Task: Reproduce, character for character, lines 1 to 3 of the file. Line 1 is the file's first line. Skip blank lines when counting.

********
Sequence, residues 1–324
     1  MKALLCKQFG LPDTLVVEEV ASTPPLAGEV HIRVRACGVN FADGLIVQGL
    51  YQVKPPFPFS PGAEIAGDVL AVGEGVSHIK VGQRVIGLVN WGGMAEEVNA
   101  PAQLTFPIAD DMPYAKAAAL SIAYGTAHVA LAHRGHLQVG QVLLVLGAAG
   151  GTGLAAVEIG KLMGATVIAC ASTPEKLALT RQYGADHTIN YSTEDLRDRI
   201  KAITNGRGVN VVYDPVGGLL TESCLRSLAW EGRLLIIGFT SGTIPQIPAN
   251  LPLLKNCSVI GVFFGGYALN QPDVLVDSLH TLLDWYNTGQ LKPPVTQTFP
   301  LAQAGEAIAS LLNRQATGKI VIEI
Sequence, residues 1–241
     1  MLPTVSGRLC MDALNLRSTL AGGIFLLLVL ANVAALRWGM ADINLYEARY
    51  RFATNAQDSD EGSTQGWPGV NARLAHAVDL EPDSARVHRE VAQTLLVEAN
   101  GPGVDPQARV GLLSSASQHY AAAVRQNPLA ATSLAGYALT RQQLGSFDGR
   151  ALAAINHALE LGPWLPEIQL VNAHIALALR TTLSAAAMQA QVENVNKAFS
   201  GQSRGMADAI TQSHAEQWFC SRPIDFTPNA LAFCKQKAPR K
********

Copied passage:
Sequence, residues 1–324
     1  MKALLCKQFG LPDTLVVEEV ASTPPLAGEV HIRVRACGVN FADGLIVQGL
    51  YQVKPPFPFS PGAEIAGDVL AVGEGVSHIK VGQRVIGLVN WGGMAEEVNA